It appears that the American Dream is dead as the Democrats have essentially no chance in passing some sort of healthcare reform package. The stunning loss of the senate seat held by the late Ted Kennedy has now given the Republicans the ability to filibuster any significant healthcare legislation.
More disappointing is that Americans seem willing to accept the fact that they can live without healthcare. In a blog at US News and World Report titled 21 Things We're Learning to Live Without, besides abstaining from cable TV, a home phone, prepared foods, and lattes, healthcare was also on the list. Millions of Americans are apparently "simply hoping they don't get seriously ill or hurt." How can this happen is supposedly the wealthiest nation in the world? Too many Americans as a result are literally one illness or accident away from financial ruin as medical costs are the leading cause of personal bankruptcy.
While President Obama and the Democrats no doubt will try to salvage what they can from their hard work over the past year, they need to be thoughtful about their future proposals. Though the public doesn't like the thought of insurance companies turning away those with pre-existing conditions, the fact is that this practice exists because we don't mandate everyone have health insurance. As George Halvorson, CEO of Kaiser Permanente, noted to make healthcare affordable a double mandate must apply - everyone must sell (that is health insurers must sell coverage to everyone who desires it) and everyone must buy (all consumers must purchase). Otherwise, those who are healthy would not participate and instead would wait until they needed it. Those who are already ill will purchase health insurance. As a result, insurance companies would only receive payments from those who need medical care, which can't possibly cover costs of chemotherapies and hospital stays which are in the tens of thousands per treatment. Since the healthy don't subsidize the sick, insurance companies would simply go bankrupt.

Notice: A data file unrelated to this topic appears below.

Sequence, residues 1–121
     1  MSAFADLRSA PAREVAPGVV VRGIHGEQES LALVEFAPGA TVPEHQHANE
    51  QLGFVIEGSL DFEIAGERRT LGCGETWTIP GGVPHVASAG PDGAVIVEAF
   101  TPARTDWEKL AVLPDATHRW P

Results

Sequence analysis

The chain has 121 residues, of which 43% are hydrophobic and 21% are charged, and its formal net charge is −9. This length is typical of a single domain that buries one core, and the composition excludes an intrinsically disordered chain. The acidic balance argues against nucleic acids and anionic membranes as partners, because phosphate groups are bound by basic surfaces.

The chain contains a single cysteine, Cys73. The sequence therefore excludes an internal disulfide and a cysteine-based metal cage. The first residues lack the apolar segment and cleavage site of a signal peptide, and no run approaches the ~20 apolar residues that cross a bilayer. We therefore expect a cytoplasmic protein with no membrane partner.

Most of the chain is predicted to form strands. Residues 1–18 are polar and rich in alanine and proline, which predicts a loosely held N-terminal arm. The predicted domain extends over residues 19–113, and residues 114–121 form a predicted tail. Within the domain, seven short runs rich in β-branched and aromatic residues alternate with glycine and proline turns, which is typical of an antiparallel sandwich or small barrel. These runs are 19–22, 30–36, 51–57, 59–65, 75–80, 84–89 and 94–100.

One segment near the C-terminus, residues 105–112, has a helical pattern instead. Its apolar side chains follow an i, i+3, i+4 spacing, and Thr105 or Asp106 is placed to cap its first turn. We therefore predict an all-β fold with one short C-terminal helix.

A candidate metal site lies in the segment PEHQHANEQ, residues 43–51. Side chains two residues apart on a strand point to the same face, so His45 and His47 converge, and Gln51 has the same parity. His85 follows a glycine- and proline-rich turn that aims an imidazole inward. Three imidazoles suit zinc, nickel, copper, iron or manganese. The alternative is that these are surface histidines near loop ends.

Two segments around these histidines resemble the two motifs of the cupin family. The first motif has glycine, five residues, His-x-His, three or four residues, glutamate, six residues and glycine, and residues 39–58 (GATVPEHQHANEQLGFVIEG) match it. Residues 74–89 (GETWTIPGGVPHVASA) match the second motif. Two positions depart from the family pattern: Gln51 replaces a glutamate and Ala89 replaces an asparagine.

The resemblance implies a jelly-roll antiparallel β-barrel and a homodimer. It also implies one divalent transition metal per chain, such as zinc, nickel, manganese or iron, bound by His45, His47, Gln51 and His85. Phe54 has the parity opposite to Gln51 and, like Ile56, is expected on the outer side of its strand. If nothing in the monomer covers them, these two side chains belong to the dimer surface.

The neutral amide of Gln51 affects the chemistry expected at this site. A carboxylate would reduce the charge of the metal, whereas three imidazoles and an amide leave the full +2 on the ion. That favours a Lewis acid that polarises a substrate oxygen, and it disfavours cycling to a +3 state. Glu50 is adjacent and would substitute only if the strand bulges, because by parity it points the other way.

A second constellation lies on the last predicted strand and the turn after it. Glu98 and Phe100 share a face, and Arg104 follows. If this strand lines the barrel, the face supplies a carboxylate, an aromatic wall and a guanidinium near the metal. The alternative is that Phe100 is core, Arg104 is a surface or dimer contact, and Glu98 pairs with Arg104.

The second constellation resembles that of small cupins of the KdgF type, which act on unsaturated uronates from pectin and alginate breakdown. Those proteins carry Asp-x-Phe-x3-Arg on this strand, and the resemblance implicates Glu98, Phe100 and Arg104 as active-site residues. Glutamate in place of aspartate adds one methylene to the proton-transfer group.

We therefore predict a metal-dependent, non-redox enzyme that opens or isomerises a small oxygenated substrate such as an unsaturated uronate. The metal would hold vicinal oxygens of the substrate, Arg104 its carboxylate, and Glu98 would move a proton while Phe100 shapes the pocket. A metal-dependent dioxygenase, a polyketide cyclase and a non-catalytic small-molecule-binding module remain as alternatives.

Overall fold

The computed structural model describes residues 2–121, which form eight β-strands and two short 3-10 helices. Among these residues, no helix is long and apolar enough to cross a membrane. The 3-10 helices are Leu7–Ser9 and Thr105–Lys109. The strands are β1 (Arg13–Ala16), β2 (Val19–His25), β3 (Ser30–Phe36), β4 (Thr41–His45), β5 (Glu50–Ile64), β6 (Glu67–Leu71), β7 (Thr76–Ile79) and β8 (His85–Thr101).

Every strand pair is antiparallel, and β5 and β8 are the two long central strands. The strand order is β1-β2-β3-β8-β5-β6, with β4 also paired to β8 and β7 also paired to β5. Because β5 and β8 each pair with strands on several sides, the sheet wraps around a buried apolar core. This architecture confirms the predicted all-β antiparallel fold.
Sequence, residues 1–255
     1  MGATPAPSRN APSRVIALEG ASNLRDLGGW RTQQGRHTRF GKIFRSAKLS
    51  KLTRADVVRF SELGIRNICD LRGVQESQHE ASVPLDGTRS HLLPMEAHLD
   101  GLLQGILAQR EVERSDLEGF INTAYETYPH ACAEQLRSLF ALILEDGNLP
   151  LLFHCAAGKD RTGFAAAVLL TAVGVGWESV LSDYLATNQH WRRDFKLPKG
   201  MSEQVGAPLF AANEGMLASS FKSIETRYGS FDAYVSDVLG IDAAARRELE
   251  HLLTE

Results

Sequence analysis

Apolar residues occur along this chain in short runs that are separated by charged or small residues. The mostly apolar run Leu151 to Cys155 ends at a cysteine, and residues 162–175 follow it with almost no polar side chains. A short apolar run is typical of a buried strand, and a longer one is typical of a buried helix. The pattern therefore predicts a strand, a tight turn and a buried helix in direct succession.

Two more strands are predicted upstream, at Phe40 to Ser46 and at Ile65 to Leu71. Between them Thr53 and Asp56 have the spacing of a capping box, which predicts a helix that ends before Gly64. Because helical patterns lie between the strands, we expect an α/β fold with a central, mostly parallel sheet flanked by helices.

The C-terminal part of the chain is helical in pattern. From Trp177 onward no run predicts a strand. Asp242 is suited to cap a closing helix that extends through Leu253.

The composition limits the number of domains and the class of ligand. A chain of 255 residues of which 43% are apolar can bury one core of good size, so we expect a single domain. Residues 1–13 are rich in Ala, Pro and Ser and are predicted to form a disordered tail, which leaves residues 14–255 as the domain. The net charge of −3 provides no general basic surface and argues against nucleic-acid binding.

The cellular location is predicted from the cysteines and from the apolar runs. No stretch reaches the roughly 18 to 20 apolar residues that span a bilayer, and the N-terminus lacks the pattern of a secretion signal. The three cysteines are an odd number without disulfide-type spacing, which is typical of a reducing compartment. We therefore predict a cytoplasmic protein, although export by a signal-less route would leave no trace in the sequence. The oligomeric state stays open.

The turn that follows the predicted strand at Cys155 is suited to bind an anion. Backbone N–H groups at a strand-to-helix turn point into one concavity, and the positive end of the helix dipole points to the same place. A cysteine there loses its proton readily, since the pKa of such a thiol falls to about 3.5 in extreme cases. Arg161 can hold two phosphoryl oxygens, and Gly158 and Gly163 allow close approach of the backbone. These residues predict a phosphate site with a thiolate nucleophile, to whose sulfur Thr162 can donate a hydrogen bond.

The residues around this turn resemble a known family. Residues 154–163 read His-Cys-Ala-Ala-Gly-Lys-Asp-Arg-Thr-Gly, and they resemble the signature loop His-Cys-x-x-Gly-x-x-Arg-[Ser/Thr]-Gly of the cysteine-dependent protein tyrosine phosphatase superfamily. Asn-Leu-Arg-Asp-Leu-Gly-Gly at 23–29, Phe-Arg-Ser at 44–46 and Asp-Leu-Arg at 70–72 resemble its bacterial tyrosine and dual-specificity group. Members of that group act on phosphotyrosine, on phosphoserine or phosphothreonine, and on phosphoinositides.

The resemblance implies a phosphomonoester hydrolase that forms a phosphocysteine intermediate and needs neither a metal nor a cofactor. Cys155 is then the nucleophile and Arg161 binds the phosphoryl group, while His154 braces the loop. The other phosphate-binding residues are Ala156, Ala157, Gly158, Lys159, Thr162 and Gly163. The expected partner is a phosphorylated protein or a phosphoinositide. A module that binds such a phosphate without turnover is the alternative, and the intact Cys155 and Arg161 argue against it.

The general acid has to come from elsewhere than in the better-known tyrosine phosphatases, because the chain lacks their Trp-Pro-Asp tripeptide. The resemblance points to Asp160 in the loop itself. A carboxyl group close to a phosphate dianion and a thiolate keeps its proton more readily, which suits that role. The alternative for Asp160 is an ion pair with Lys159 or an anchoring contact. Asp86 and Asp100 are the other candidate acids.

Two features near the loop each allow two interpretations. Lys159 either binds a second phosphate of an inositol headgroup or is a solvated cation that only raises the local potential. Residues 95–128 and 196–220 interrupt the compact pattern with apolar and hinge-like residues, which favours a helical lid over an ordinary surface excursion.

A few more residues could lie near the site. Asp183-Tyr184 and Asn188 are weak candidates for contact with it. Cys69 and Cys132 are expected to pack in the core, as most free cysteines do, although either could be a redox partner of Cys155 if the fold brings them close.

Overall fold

With the President and his Democratic party concerned about a Republican resurgence, he has already refocused his attention on large institutions like banks and redirecting the populace anger there rather than working on meaningful change. He may try the same tactic on insurers in an effort to get some healthcare reform passed.
In doing so, he may simply ignore the truth of the double mandate and make insurers not only cover everyone but also have the federal government set the rates. President Obama knows of course that it would only be a matter of time that the government would take over healthcare as insurers would have no choice but to pull out in this financially unsustainable model. If a single payer system occurs be prepared for rationing of medical care. Imagine long waiting lists to see a specialist, getting surgery done, or wondering if a treatment might be approved. Certainly some of these problems occur already with private insurers, but envision if the healthcare system was run by the DMV. Is this actually better?
It's equally as unfortunate and more disappointing that the Republican party over the past year essentially only had one mission - derail any proposals from the Obama administration. Without healthcare reform to make insurance coverage more affordable to employers, families, and individuals, America will no longer be viewed as the vibrant superpower nation it has been over the past couple of decades but a country unable to provide the basic healthcare needs to its populace because its politicians were too paralyzed to do anything but score political points for the next election. Because of their failure to lead, it is increasingly clear that in the United States healthcare coverage isn't a right but a luxury.
If Americans and employers are constantly worried about saving money for a future expensive illnesses or medical problems, then when will they ever feel secure enough or freed enough to take risks, invest, and dream?